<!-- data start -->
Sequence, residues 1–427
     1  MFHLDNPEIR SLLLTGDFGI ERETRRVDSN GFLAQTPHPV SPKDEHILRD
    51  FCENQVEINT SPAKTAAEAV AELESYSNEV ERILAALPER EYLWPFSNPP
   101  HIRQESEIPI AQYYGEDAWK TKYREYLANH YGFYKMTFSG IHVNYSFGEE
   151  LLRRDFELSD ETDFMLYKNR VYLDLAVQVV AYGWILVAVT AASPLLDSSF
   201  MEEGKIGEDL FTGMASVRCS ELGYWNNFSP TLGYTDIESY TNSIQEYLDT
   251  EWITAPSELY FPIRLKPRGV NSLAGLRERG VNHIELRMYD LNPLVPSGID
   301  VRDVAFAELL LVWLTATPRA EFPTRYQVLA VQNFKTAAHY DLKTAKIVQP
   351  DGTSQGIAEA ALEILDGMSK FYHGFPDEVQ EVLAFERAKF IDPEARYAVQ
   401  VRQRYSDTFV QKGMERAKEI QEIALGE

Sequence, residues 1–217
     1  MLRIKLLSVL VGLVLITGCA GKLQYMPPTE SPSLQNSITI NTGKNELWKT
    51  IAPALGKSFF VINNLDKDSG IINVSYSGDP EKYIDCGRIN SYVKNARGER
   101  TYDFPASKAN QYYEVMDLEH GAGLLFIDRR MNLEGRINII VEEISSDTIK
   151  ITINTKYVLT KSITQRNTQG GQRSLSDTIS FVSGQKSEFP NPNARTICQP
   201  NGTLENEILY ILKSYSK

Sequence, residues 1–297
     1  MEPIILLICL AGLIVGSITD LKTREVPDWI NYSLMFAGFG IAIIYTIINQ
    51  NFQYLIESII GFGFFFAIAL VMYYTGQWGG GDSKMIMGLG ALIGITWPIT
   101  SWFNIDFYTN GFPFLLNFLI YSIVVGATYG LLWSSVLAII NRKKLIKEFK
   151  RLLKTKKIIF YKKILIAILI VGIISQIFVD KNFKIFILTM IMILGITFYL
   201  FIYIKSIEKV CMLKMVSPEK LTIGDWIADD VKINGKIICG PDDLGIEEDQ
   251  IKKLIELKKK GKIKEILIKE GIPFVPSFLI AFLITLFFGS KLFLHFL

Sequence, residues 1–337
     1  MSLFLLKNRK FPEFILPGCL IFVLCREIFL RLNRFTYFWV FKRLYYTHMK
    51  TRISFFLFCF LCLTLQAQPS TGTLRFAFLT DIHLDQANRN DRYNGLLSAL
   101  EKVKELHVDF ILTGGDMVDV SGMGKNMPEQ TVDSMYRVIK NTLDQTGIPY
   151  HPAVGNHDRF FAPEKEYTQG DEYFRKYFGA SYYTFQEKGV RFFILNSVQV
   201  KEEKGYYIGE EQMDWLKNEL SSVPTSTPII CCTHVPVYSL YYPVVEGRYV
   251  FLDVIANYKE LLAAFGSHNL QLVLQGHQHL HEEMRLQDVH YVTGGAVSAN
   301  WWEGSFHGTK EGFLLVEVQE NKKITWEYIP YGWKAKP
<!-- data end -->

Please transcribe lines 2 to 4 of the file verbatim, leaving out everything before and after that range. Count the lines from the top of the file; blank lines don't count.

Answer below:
     1  MFHLDNPEIR SLLLTGDFGI ERETRRVDSN GFLAQTPHPV SPKDEHILRD
    51  FCENQVEINT SPAKTAAEAV AELESYSNEV ERILAALPER EYLWPFSNPP
   101  HIRQESEIPI AQYYGEDAWK TKYREYLANH YGFYKMTFSG IHVNYSFGEE